Chart Shows Occupations of Soldiers Most Likely to Be Rejected by the Union Army

Historical Treasures, Oddities, And Delights
Jan. 9 2014 12:45 PM

Chart Shows Occupations of Soldiers Most Likely to Be Rejected by the Union Army. (Sorry, Editors, Barkeeps, and Tailors.)

The Vault is Slate's history blog. Like us on Facebook, follow us on Twitter @slatevault, and find us on Tumblr. Find out more about what this space is all about here.

This chart takes a retrospective look at the results of medical examinations performed on prospective Union soldiers during the Civil War. The chart divides total results by conscript’s occupations; its bars show ratios of rejected conscripts to total people examined within each occupation. The chart was included in a report published by the Army’s Provost Marshal General’s Bureau, authored by Jedediah H. Baxter and printed in 1875, that tapped information about 1 million total medical examinations.

As I wrote in a past post about a map of the incidence of syphilis that was also included in this report, in the postwar era information gathered about prospective Union soldiers became fodder for new government efforts to represent and analyze data. Other charts coded rejected soldiers by disease and by geographical location.


In his history of a Civil War hospital, physician Ira Spar describes some Union Army medical exemptions. Poor vision and hearing; loss of limbs, fingers, or toes; orthopedic issues (“permanent extension or flexion contracture of any finger except little”); and bunions could all lead to disqualification. Spar points out that “absence of teeth” was “a major cause for exemption,” as “biting off the end of a powder cartridge was necessary to load a rifle.”

Looking at this chart, we don’t get details correlating disease with occupation, and are left to ponder just what the relationship between occupation and medical exemption might be. Later in the war, after the institution of a Union Army draft, some exemptions were probably the result of bribes or string-pulling—but these numbers incorporate pre-1863 results as well.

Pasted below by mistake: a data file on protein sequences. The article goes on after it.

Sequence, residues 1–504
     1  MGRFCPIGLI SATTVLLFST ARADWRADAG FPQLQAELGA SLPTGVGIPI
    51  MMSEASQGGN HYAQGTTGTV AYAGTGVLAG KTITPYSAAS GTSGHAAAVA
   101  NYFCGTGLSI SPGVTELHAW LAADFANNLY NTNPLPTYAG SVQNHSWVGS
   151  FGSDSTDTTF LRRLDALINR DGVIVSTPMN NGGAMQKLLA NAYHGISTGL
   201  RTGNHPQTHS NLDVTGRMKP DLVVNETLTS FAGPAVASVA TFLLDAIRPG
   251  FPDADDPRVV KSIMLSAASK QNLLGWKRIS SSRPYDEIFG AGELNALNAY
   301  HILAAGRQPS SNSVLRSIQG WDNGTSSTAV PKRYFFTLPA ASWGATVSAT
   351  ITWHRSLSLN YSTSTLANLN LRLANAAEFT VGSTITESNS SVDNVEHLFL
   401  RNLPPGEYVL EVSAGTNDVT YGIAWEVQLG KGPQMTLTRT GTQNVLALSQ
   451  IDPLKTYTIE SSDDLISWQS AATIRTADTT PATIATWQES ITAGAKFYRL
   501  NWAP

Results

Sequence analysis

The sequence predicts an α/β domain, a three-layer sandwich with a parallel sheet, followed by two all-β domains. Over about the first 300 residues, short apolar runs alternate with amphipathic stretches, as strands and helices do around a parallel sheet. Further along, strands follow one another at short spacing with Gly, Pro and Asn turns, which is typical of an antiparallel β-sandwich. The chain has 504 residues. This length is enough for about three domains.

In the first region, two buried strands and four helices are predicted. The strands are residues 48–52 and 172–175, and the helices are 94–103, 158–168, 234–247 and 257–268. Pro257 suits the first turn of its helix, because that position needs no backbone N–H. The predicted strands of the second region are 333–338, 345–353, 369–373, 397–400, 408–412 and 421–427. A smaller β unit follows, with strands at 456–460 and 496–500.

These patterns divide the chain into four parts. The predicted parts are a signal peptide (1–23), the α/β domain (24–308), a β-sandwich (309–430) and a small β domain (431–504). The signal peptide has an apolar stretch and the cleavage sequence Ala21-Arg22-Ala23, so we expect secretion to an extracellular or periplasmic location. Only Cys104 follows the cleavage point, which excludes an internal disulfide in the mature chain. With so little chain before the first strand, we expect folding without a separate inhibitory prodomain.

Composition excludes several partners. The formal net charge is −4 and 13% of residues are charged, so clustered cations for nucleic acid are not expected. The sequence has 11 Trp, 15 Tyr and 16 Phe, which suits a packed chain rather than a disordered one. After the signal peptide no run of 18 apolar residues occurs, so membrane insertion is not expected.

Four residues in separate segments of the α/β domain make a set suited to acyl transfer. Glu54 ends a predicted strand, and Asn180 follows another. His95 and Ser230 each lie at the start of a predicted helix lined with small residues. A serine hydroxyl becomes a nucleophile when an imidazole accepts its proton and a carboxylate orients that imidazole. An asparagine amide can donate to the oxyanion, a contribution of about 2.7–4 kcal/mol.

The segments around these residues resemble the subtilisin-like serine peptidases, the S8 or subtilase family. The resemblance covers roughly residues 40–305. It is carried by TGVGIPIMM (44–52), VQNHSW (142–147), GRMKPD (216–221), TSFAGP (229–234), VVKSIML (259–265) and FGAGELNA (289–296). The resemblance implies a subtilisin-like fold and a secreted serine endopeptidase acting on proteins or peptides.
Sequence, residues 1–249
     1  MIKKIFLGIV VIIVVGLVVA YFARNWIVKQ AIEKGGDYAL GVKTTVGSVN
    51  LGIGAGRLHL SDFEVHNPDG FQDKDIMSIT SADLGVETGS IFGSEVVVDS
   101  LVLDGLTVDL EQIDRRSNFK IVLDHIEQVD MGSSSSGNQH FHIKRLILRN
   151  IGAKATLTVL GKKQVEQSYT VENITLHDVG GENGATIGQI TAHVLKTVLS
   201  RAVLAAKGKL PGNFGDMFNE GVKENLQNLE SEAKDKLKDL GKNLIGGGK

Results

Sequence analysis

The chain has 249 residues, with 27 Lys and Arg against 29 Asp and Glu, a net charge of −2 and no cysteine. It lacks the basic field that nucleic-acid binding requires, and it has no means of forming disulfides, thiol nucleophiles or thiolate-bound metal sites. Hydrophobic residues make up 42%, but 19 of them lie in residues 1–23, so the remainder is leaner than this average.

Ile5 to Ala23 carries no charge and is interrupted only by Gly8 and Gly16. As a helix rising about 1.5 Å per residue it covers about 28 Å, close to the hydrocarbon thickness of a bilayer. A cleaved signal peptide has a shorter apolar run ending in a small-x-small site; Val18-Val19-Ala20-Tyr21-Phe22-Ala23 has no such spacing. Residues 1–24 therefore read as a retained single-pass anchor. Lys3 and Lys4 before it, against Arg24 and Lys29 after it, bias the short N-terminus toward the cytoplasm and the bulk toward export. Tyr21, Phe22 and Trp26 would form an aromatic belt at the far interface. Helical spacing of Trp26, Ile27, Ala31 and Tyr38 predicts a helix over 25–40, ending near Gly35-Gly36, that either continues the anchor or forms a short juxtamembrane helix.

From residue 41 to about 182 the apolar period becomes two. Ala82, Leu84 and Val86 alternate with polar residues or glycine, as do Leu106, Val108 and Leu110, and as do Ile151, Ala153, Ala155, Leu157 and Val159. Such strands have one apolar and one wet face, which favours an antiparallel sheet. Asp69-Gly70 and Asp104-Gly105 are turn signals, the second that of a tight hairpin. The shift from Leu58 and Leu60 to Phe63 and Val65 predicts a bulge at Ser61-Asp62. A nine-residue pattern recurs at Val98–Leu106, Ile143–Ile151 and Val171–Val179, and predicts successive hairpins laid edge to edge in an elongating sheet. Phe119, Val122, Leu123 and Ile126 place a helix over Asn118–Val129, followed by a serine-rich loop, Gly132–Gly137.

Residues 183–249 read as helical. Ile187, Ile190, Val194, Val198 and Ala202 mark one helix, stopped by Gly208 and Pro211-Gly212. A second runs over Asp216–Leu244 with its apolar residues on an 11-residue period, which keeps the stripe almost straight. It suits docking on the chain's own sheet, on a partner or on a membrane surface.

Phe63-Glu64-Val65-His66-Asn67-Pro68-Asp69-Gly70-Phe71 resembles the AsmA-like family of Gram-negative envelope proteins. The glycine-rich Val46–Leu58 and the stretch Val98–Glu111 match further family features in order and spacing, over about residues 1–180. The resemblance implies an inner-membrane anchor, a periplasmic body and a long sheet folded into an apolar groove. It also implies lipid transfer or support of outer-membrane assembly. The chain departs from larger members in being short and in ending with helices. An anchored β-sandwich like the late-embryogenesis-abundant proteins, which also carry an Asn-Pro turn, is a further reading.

Why would upholsterers, brokers, and watchmen be so commonly exempted? Why were editors—a relatively small occupational class, with only 73 prospective soldiers examined—rejected at such a high ratio? The professional occupations, considered as a class, were exempted at a higher rate than the less-skilled groups. Does this number reflect the relative physical weakness of those in the professions, or was corruption at work?

Click on the image below to reach a zoomable version. Thanks again to historian Susan Schulten, who wrote about this report in her Mapping the Nation: History and Cartography in Nineteenth-Century America.

"Disease in its Relation to Occupation." From Statistics, medical and anthropological, of the Provost-Marshal-General's Bureau, derived from records of the examination for military service in the armies of the United States during the late war of the rebellion. Washington, D.C. : United States Government Printing Office, 1875.

Image via the Digital Repository of the University of Denver Libraries.



More Than Scottish Pride

Scotland’s referendum isn’t about nationalism. It’s about a system that failed, and a new generation looking to take a chance on itself. 

What Charles Barkley Gets Wrong About Corporal Punishment and Black Culture

Why Greenland’s “Dark Snow” Should Worry You

Three Talented Actresses in Three Terrible New Shows

Why Do Some People See the Virgin Mary in Grilled Cheese?

The science that explains the human need to find meaning in coincidences.


Happy Constitution Day!

Too bad it’s almost certainly unconstitutional.

Is It Worth Paying Full Price for the iPhone 6 to Keep Your Unlimited Data Plan? We Crunch the Numbers.

What to Do if You Literally Get a Bug in Your Ear

  News & Politics
Sept. 16 2014 7:03 PM Kansas Secretary of State Loses Battle to Protect Senator From Tough Race
Sept. 16 2014 4:16 PM The iPhone 6 Marks a Fresh Chance for Wireless Carriers to Kill Your Unlimited Data
The Eye
Sept. 16 2014 12:20 PM These Outdoor Cat Shelters Have More Style Than the Average Home
  Double X
The XX Factor
Sept. 15 2014 3:31 PM My Year As an Abortion Doula
  Slate Plus
Slate Plus Video
Sept. 16 2014 2:06 PM A Farewell From Emily Bazelon The former senior editor talks about her very first Slate pitch and says goodbye to the magazine.
Brow Beat
Sept. 16 2014 8:43 PM This 17-Minute Tribute to David Fincher Is the Perfect Preparation for Gone Girl
Future Tense
Sept. 16 2014 6:40 PM This iPhone 6 Feature Will Change Weather Forecasting
  Health & Science
Bad Astronomy
Sept. 17 2014 7:30 AM Ring Around the Rainbow
Sports Nut
Sept. 15 2014 9:05 PM Giving Up on Goodell How the NFL lost the trust of its most loyal reporters.